Edwin Lyman, a senior staff scientist at the Union of Concerned Scientists, has challenged specific cost-saving design choices made for both the AP1000 and ESBWR, another new design. Lyman is concerned about the strength of the steel containment vessel and the concrete shield building around the AP1000. The AP1000 containment vessel does not have sufficient safety margins, says Lyman.
Potentially the most damaging critique of the AP1000 comes from John Ma, a senior structural engineer at the NRC.
In 2009, the NRC made a safety change related to the events of September 11, ruling that all plants be designed to withstand the direct hit from a plane. To meet the new requirement, Westinghouse encased the AP1000 buildings concrete walls in steel plates. Last year Ma, a member of the NRC since it was formed in 1974, filed the first "non-concurrence" dissent of his career after the NRC granted the design approval. In it Ma argues that some parts of the steel skin are so brittle that the "impact energy" from a plane strike or storm driven projectile could shatter the wall. A team of engineering experts hired by Westinghouse disagreed...
In 2012, Ellen Vancko, from the Union of Concerned Scientists, said that "the Westinghouse AP1000 has a weaker containment, less redundancy in safety systems, and fewer safety features than current reactors". In response to Ms. Vancko's concerns, climate policies author and retired nuclear engineer Zvi J. Doron, replied that the AP1000’s safety is enhanced by fewer active components, not compromised as Ms. Vancko suggests. As in direct contrast to currently operating reactors, the AP1000 has been designed around the concept of Passive nuclear safety.
Construction plans 
- The Sanmen Nuclear Power Plant in Zhejiang will have six units. Site construction for the first two began in February 2008; operation is scheduled for 2013–15.
- The Haiyang Nuclear Power Plant in Shandong also has six units planned. Site construction for the first two began in July 2008; operation is scheduled for 2014–15.
The first four AP1000s to be built are to an earlier revision of the design without a strengthened containment structure to provide improved protection against an aircraft crash.
China has officially adopted the AP1000 as a standard for inland nuclear projects. The National Development and Reform Commission (NDRC) has already approved several nuclear projects, including the Dafan plant in Hubei province, Taohuajiang in Hunan, and Pengze in Jiangxi. The NDRC is studying additional projects in Anhui, Jilin and Gansu provinces. China wants to have 100 units under construction and operating by 2020, according to Aris Candris, Westinghouse's CEO. However, according to a 2011 report in The Australian, AP1000 reactors are not yet in operation anywhere in the world and use as yet unproven technology. Paul Garvey has said "it would be wise for China to build and test one or two of the new reactors before committing to a wide-scale rollout".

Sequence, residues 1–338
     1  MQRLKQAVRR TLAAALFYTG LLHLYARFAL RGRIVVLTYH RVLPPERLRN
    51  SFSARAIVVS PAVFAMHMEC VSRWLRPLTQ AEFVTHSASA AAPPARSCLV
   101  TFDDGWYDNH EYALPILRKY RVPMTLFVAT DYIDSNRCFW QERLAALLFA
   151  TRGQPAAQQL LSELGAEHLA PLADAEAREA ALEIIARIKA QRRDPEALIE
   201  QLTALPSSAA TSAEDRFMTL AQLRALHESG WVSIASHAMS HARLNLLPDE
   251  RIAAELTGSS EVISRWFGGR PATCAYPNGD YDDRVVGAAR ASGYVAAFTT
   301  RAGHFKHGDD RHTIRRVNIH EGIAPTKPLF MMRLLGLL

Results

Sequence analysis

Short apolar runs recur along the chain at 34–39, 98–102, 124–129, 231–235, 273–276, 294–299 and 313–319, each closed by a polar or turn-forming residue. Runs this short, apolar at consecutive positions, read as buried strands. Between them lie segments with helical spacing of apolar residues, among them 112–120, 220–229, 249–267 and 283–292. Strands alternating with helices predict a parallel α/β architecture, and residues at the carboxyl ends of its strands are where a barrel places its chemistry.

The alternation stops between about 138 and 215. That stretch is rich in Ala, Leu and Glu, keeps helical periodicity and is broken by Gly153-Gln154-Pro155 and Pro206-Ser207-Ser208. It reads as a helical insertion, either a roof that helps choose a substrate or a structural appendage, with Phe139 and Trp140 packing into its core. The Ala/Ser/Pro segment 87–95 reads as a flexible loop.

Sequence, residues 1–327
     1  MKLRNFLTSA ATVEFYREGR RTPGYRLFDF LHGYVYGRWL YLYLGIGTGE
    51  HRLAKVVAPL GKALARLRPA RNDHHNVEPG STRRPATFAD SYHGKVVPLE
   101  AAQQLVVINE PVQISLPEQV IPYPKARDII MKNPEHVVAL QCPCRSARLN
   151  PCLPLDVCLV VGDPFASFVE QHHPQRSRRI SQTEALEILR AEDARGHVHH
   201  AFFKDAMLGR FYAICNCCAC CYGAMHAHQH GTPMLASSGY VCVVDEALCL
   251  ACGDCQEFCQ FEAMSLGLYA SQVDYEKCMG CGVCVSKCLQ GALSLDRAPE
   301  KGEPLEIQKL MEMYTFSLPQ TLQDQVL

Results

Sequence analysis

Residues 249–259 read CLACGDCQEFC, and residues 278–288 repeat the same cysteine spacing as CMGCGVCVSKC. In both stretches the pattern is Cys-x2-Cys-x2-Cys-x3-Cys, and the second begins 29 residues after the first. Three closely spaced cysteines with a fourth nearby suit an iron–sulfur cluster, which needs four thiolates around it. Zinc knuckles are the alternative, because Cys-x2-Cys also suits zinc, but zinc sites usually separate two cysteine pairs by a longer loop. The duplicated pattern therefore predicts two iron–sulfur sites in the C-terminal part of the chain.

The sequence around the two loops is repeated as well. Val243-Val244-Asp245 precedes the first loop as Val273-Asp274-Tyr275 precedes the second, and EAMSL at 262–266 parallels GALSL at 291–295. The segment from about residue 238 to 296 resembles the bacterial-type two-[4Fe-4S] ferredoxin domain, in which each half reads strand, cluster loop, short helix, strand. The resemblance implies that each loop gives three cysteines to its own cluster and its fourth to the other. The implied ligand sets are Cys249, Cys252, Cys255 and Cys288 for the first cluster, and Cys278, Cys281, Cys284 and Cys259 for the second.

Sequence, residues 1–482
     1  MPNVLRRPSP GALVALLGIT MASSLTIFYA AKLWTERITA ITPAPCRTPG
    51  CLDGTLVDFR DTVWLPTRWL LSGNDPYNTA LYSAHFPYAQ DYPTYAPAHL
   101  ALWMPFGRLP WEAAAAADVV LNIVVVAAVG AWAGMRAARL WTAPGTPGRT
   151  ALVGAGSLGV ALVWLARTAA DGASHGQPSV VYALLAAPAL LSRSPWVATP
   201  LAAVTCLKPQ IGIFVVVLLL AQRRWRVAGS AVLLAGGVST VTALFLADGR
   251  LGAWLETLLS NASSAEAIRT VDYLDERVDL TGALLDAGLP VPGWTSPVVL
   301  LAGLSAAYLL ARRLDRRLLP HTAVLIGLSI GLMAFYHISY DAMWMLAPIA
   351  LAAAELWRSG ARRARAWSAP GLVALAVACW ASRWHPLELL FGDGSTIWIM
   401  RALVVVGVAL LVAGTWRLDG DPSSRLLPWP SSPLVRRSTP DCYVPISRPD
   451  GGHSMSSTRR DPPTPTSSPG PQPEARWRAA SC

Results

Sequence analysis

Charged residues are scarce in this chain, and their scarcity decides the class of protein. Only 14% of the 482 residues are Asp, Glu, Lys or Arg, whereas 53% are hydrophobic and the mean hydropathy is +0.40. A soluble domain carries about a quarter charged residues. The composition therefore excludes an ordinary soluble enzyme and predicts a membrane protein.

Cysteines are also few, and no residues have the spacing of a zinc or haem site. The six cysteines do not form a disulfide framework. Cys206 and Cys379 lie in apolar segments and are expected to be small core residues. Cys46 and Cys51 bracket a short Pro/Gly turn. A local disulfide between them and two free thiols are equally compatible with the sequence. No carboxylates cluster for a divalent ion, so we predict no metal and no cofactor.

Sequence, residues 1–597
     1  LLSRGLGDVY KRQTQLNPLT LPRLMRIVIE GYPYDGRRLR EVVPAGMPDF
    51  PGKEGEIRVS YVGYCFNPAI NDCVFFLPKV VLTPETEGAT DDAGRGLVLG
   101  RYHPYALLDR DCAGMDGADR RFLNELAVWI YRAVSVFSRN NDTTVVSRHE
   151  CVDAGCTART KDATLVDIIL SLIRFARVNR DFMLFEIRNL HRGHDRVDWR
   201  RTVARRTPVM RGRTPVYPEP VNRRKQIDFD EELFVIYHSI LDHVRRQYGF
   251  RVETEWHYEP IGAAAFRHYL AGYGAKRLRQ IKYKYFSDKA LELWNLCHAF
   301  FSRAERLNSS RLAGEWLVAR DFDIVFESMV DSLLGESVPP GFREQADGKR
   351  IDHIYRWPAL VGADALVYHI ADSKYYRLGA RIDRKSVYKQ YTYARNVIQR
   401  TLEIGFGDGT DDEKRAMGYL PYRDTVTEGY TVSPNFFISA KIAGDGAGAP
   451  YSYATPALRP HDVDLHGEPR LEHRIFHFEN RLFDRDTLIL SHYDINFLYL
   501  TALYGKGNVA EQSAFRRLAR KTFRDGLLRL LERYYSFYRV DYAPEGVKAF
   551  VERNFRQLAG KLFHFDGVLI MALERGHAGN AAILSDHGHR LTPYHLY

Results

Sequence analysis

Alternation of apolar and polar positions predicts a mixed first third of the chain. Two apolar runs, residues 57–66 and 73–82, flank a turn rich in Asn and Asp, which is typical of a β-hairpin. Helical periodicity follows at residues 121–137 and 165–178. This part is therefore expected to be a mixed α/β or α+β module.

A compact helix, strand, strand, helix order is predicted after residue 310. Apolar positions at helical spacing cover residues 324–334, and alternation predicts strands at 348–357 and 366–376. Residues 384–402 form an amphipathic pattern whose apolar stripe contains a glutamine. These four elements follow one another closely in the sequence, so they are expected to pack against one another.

In 2008 and 2009, Westinghouse made agreements to work with the State Nuclear Power Technology Corporation (SNPTC) and other institutes to develop a larger design, the CAP1400 of 1400 MWe capacity, possibly followed by a 1700 MWe design. China will own the intellectual property rights for these larger designs. Exporting the new larger units may be possible with Westinghouse's cooperation.
- Shearon Harris Nuclear Power Plant in North Carolina,
- William States Lee III Nuclear Generating Station in South Carolina,
- Virgil C. Summer Nuclear Generating Station in South Carolina.
- Vogtle Electric Generating Plant in Georgia.
- Levy County Nuclear Power Plant in Florida,
- Turkey Point Nuclear Generating Station in Florida
- Bellefonte Nuclear Generating Station in Alabama.
On April 9, 2008, Georgia Power Company reached a contract agreement with Westinghouse and Shaw for two AP1000 reactors to be built at Vogtle. The contract represents the first agreement for new nuclear development since the Three Mile Island accident in 1979. The COL for the Vogtle site is to be based on the revision 18 to the AP1000 design. On February 16, 2010, President Obama announced $8.33 billion dollars in federal loan guarantees to construct the two AP1000 units at the Vogtle plant. The cost of building the two reactors is expected to be $14 billion.
Environmental groups opposed to the licensing of the two new AP1000 reactors to be built at Vogtle filed a new petition in April 2011 asking the Nuclear Regulatory Commission's commission to suspend the licensing process until more is known about the evolving Fukushima I nuclear accidents. As of February 2012, the US Nuclear Regulatory Commission has approved the two proposed reactors at the Vogtle plant.
See also 
- Nuclear safety in the United States
- Nuclear power in the People's Republic of China
- Economics of new nuclear power plants
- Nuclear Power 2010 Program